Influenza vaccination coverage ranged from 25% to 41% across ethnic groups. After adjusting for sociodemographic factors and health status for people aged 12 years and older, all ethnic groups were more likely to have received a vaccination against influenza than people who self-identified as white, with the exception of those who self-identified as black (odds ratio [OR] 1.01, 95% confidence interval [CI] 0.88–1.15). Compared with white Canadians, Canadians of Filipino (OR 2.00, 95% CI 1.67–2.40) and Southeast Asian (OR 1.66, 95% CI 1.36–2.03) descent had the greatest likelihood of having received vaccination against influenza.
Influenza vaccine coverage in Canada varies by ethnicity. Black and white Canadians have the lowest uptake of influenza vaccine of the ethnic groups represented in our study. Further research is needed to understand the facilitators, barriers and misconceptions relating to vaccination that exist across ethnic groups, and to identify promotional strategies that may improve uptake among black and white Canadians.
Climate and weather influence the occurrence, distribution, and incidence of infectious diseases, particularly those caused by vector-borne or zoonotic pathogens. Thus, models based on meteorological data have helped predict when and where human cases are most likely to occur. Such knowledge aids in targeting limited prevention and control resources and may ultimately reduce the burden of diseases. Paradoxically, localities where such models could yield the greatest benefits, such as tropical regions where morbidity and mortality caused by vector-borne diseases is greatest, often lack high-quality in situ local meteorological data. Satellite- and model-based gridded climate datasets can be used to approximate local meteorological conditions in data-sparse regions, however their accuracy varies. Here we investigate how the selection of a particular dataset can influence the outcomes of disease forecasting models. Our model system focuses on plague (Yersinia pestis infection) in the West Nile region of Uganda. The majority of recent human cases have been reported from East Africa and Madagascar, where meteorological observations are sparse and topography yields complex weather patterns. Using an ensemble of meteorological datasets and model-averaging techniques we find that the number of suspected cases in the West Nile region was negatively associated with dry season rainfall (December-February) and positively with rainfall prior to the plague season. We demonstrate that ensembles of available meteorological datasets can be used to quantify climatic uncertainty and minimize its impacts on infectious disease models. These methods are particularly valuable in regions with sparse observational networks and high morbidity and mortality from vector-borne diseases.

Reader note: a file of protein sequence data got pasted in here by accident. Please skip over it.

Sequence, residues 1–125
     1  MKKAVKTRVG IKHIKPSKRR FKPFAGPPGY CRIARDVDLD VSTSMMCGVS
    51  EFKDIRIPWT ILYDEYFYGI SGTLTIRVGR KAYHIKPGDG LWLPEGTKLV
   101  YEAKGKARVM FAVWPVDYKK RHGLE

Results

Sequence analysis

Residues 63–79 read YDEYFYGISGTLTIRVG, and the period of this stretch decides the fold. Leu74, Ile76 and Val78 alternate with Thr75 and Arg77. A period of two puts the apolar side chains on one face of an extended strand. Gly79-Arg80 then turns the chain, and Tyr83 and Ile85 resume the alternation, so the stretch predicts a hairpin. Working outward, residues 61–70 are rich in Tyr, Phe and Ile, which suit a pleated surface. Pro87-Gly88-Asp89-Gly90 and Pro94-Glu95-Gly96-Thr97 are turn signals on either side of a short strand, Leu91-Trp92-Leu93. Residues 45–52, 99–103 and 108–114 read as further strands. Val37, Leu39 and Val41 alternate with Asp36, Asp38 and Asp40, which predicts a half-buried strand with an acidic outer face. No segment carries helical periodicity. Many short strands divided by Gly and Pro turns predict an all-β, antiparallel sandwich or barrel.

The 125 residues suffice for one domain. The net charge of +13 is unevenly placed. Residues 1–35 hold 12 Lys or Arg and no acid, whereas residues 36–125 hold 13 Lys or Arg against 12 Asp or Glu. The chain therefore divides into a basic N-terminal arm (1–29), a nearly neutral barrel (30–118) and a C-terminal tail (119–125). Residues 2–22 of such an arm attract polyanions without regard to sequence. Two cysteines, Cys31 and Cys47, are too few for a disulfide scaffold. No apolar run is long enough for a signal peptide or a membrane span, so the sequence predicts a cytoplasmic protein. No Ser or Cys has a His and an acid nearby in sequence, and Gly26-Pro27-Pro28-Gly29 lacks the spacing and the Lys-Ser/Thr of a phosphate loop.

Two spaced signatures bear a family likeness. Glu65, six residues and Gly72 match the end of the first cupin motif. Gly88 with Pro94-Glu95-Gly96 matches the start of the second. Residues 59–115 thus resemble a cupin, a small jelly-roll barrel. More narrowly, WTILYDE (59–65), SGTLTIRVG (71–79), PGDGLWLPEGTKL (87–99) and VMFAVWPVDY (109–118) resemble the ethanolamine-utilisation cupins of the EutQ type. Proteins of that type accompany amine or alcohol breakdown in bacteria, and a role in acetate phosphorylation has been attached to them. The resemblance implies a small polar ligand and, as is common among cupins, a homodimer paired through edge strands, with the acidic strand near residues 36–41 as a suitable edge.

Evidence-based priority setting is increasingly important for rationally distributing scarce health resources and for guiding future health research. We sought to quantify the contribution of a wide range of infectious diseases to the overall infectious disease burden in a high-income setting.
We used health-adjusted life years (HALYs), a composite measure comprising premature mortality and reduced functioning due to disease, to estimate the burden of 51 infectious diseases and associated syndromes in Ontario using 2005–2007 data. Deaths were estimated from vital statistics data and disease incidence was estimated from reportable disease, healthcare utilization, and cancer registry data, supplemented by local modeling studies and national and international epidemiologic studies. The 51 infectious agents and associated syndromes accounted for 729 lost HALYs, 44.2 deaths, and 58,987 incident cases per 100,000 population annually. The most burdensome infectious agents were: hepatitis C virus, Streptococcus pneumoniae, Escherichia coli, human papillomavirus, hepatitis B virus, human immunodeficiency virus, Staphylococcus aureus, influenza virus, Clostridium difficile, and rhinovirus. The top five, ten, and 20 pathogens accounted for 46%, 67%, and 75% of the total infectious disease burden, respectively. Marked sex-specific differences in disease burden were observed for some pathogens. The main limitations of this study were the exclusion of certain infectious diseases due to data availability issues, not considering the impact of co-infections and co-morbidity, and the inability to assess the burden of milder infections that do not result in healthcare utilization.